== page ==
2021-07-19 02:17:58 UTC
The UK government’s decision to end most Coronavirus restrictions from
19th July in England has attracted considerable backlash. Labour is
opposed, the international press has been fairly negative, and 1200
scientists and other individuals have signed an open letter calling for
the re-opening to be delayed. This blogger believes the government got
this one right: seeing that Covid is unlikely to ever disappear from
Britain, let alone from Planet Earth, and that 88% of the adult
population have received at least one vaccine dose (68% received both),
there is no convincing case to continue with the restrictions.
To start, we must dispel with the pretense that there is a scientific
consensus in favour of keeping the restrictions. Experts are divided,
and lifting the lockdown is a fundamentally a political decision anyway,
involving a complex, unquantifiable judgement of conflicting values and
priorities, rather than a scientific numbers-crunching exercise.
Throughout the pandemic, public discussion of the emergency measures has
been poisoned by pretense that “The Science“ always requires us to
implement and maintain the harshest restrictions, and anything shy of
that is an anti-scientific cop-out. To move on, public opinion must
recognise that the lockdown measures have had terrifying side effects,
which public policy must careful weigh up against their – often
uncertain and unquantifiable – benefits.
The decision to open up is informed, at its core, by the realization
that Covid is unlikely to be eradicated in the foreseeable future, and
that it will remain an endemic virus that ebbs and flows, like other
viruses do. This is not a controversial view – the overwhelming majority
of scientists, even of the pro-restrictions variety, accept this. The
vision of Zero Covid – the idea that one day, the final Covid patient
would recover and there would be no more transmission of Covid in the
community – has taken several fatal blows recently with vaccines seeming
less effective at stopping infection (they are still incredibly good at
stopping serious disease, hospitalization or death), and with a number
of Zero Covid success stories (the likes of Taiwan, Vietnam, Thailand,
Australia) experiencing record outbreaks. Even leading Zero Covid
proponents seem to be wavering in their faith, admitting if they had
their way, some restrictions would continue forever, which they still
see as preferable to accepting endemic Covid.
Perpetual restrictions would be unpopular, and opponents of the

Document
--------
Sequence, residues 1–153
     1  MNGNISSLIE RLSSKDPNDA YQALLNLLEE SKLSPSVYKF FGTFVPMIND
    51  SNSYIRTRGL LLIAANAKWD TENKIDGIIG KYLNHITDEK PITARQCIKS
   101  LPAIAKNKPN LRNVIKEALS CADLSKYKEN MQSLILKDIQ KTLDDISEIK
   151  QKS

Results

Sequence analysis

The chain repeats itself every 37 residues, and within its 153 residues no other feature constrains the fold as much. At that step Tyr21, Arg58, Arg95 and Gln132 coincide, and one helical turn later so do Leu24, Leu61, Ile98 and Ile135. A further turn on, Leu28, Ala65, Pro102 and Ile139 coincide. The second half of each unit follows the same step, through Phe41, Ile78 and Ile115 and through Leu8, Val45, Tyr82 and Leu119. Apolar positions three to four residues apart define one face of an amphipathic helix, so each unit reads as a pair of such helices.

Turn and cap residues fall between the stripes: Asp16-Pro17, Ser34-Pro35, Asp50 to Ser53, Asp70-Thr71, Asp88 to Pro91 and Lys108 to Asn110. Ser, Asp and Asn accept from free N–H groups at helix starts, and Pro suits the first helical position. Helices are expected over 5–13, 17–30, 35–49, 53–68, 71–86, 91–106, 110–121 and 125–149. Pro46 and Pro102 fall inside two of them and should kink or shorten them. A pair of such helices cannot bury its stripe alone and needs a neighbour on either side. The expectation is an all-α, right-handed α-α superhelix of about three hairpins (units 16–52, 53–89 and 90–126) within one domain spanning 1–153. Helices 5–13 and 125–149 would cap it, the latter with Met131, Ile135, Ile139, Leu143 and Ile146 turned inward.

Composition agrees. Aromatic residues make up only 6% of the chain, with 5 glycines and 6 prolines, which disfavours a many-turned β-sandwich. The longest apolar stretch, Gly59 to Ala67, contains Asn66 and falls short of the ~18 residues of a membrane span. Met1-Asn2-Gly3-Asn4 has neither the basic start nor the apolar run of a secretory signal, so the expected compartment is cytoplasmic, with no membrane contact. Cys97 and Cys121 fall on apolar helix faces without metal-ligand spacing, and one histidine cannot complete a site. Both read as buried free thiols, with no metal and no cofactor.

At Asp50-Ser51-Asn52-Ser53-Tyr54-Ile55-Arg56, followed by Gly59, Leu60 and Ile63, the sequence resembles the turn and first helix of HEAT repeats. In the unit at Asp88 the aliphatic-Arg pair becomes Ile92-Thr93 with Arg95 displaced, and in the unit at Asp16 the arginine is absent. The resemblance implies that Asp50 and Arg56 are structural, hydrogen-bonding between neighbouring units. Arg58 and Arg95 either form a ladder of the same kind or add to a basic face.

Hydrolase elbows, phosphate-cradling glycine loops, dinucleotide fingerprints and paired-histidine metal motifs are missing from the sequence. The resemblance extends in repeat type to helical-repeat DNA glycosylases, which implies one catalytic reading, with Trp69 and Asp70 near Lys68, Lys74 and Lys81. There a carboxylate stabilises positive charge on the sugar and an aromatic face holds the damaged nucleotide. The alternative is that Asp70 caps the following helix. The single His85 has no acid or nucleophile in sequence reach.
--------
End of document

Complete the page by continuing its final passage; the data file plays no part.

re-opening generally do not propose this. This is a fundamental flaw of
their reasoning – if we accept that (a) Covid will not be eradicated and
(b) we must re-open at some point, why is re-opening at a future date
preferable to 19th July?
Some say that the re-opening should be delayed until more people have
received their second vaccine doses. This is unconvincing – data from
the UK and elsewhere shows that Covid can still spread in an
overwhelmingly vaccinated population (Gibraltar). Since everyone
statistically at risk from Covid has received their two shots a long
time ago, hospitalizations and deaths remain very low, despite the
ongoing “case-demic“. Delaying the re-opening by say a couple of months
to September would mean we would lift restrictions just as the school
year starts and with the winter flu season imminent (some experts think
this year’s flu season will be particularly bad given the lack of
immunity in the population due to the lockdown). Surely, most people
opposed to re-opening in July would also be opposed to re-opening in
Other propose to drop some restrictions while also keeping some – masks,
for example. Given the government’s usual flip-flopping and inability to
stick with anything, it looks like post-Freedom Day, Britain will have a
confusing patchwork of mask rules, where masks are required on certain
train lines but not others. It’s hard to see what people think this will
achieve – if our current restrictions aren’t stopping the outbreak, why
would a much-watered down version do the trick?
It is natural that people want a more gradual return to normality.
People are still terrified of Covid, despite the successful vaccine
roll-out (the government’s fear-based advertisement campaigns earlier in
the year probably did not help things). Public opinion overestimates the
efficacy of many of the anti-pandemic measures and is hesitant to throw
them all out (surface disinfection has been proven useless, the plastic
dividers so prevalent in shops and restaurants are probably making
things worse, and the data on cloth masks is far from clear-cut).
Endemic Covid means that all of us will likely be exposed to the virus
multiple times in our lives. Delaying the re-opening cannot change this
fact. The pandemic emergency measures have gone on for 17 months – it is
high time to move on.
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